New Appendix explains differences between EPIs, includes Back-casted rankings
Many people want to know how the 2012 Environmental Performance Index compares with previous editions. We’ve produced a methodological addendum (Appendix III) detailing differences between the 2012 and 2010 versions of the EPI, back-casted rankings from 2000 to 2010, and more information on why some countries were not included in the latest 2012 EPI. Here’s a brief summary of what’s included:
Comparing the 2012 and 2010 EPIs
By far the most anticipated change in EPI methodology was this year’s creation of a pilot trend EPI. This project aimed to uncover changes in environmental performance over time, using datasets that spanned at least the time period 2000-2010 to produce a dynamic, rather than simply static, picture of environmental performance.
The greatest challenge to this effort was finding reliable time series data. The EPI team had to consider not just the existence of data for multiple years, but whether that data was truly comparable across time periods (see our discussion of comparing 2006, 2008, 2010 and 2012 EPI scores at http://epi.yale.edu/about/faq#_How_do_the). In addition, we chose datasets for which there was an established intent for continued data collection; this will make producing a trend EPI possible in future editions of the EPI.
We also had some data sources changes between the 2012 and 2010 EPIs, most notably in the inclusion of satellite-derived indicators. In 2012, we use satellite-derived PM2.5 data, normalized by population and averaged over time to get a more realistic picture of human exposure to health-relevant particulates. The 2010 particulate matter data was akin to a sample, where 2012 data was closer to a census, and also measured a more relevant indicator of air-related human health impacts. Since many countries do not measure PM 2.5, satellite-derived PM2.5 data provided consistent “wall-to-wall” measurement methods that filled in previous gaps.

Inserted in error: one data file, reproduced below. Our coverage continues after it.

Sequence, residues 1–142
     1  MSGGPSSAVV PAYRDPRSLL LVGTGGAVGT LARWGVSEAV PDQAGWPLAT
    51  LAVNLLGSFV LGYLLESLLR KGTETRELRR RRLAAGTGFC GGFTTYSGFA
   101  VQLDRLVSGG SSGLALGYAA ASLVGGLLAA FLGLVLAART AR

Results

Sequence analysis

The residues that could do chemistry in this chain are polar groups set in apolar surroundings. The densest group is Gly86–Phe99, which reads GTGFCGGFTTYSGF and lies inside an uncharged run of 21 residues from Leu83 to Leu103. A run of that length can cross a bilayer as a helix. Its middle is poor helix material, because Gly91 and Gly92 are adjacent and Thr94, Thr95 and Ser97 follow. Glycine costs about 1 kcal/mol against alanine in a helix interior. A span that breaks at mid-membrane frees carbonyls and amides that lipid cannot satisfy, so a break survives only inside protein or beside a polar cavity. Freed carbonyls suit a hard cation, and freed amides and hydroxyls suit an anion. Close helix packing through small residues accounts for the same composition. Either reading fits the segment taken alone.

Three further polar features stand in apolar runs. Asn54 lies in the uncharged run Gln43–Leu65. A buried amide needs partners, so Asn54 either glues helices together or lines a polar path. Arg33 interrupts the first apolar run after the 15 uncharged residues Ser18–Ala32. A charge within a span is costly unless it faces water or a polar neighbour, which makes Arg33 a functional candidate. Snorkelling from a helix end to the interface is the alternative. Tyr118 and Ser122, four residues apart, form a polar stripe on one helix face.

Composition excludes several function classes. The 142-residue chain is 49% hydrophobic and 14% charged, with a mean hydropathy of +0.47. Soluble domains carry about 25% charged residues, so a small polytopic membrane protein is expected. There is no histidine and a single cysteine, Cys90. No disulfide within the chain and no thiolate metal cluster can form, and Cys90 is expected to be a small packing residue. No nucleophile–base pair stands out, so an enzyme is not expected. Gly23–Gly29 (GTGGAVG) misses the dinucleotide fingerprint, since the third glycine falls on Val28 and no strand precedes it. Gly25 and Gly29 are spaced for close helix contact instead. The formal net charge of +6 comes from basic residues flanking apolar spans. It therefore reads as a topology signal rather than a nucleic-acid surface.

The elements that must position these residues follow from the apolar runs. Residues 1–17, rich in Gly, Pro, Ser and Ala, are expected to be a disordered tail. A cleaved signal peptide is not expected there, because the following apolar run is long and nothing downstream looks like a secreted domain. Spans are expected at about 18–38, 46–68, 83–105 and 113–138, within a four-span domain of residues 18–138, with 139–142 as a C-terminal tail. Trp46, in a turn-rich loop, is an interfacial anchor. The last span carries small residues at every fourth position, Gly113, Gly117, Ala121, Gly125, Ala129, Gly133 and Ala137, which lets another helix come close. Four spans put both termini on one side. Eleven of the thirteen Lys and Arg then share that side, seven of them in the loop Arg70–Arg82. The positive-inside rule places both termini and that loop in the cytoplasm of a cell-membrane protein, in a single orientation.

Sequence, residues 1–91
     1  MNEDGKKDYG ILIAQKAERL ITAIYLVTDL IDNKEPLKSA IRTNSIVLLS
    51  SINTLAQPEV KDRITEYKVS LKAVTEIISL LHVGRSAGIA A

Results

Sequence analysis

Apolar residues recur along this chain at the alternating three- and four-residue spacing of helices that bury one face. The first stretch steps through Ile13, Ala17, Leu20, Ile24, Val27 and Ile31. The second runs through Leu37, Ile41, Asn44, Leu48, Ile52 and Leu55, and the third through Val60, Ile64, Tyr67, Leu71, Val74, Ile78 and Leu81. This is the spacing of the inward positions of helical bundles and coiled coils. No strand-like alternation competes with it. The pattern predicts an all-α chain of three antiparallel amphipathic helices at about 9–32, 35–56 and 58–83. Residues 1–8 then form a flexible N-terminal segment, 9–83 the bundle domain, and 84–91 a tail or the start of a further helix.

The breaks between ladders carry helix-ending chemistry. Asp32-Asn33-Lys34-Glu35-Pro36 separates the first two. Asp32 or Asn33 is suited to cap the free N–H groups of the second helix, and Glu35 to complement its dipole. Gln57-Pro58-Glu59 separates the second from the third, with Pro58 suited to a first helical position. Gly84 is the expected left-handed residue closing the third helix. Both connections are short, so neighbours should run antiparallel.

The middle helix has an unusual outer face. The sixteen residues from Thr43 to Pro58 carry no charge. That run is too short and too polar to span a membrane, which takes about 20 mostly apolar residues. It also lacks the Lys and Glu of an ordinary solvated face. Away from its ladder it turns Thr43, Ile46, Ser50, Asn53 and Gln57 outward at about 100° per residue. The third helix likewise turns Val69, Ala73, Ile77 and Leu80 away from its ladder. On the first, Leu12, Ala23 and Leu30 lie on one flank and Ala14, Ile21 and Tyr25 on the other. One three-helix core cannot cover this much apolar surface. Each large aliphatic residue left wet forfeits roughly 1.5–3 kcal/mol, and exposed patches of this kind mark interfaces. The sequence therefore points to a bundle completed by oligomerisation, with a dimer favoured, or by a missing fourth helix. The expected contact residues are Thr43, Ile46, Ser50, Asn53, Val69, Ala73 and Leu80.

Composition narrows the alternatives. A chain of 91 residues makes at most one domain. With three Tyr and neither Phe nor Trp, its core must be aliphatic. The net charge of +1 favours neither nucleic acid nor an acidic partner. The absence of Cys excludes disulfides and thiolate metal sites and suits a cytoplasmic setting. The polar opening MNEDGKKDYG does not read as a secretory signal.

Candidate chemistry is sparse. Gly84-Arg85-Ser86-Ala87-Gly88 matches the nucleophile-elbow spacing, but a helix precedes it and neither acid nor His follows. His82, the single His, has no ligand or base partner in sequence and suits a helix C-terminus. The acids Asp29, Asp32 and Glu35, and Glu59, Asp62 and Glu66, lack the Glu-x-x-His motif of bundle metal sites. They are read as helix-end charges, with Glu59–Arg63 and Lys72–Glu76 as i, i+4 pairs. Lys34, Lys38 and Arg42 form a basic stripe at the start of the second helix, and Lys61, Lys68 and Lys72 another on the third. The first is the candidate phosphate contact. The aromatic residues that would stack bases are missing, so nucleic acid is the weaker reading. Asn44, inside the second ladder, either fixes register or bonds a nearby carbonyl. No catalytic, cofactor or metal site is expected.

We also used satellite data for our Forest Loss indicator. In this case, we were able to circumvent some of the issues of self-reported data by using remote sensing of forest cover to produce the inputs for Forest Loss. While using this data represented an important step toward better forest measurement, the satellite data did not include afforestation, and thus did not recognize and reward countries’ reforestation efforts. For this reason, we combined the satellite data for Forest Loss with FAO indicators used in previous EPIs, recognizing that the FAO indicators do have reporting challenges (noted in Appendix I and Section 4 of the EPI report).
In Appendix III, we list countries omitted from the 2012 EPI due to data and indicator gaps. Table 1 details the indicators missing from each countries that prevented calculation of an EPI score. In the past, our team has dealt with missing values by interpolating them so that we could still produce an EPI score with one or more indicators absent. However, experience has shown that interpolation based on regional or GDP averages is not always accurate as policymakers have contacted us to question an estimated value. For this version of the EPI, we’ve produced scores only for those countries with enough data to make the EPI score calculation.
We revise and update our methodology with each edition of the EPI. This means that while our methods are continuously improving, EPI scores are typically not comparable across years. But with the 2012 EPI, using time series data, we were able to produce back-casted rankings for the period 2000-2010. For the first time, countries can see what their rank would have been in a given year based on the latest EPI methodology and consistent data. A table of these back-casted rankings appears in Appendix III.
The 2012 EPI puts environmental performance into sharper focus, and the pilot trend EPI pushes the envelope, producing a dynamic view of global environmental performance, an effort we’ll continue to refine into the future.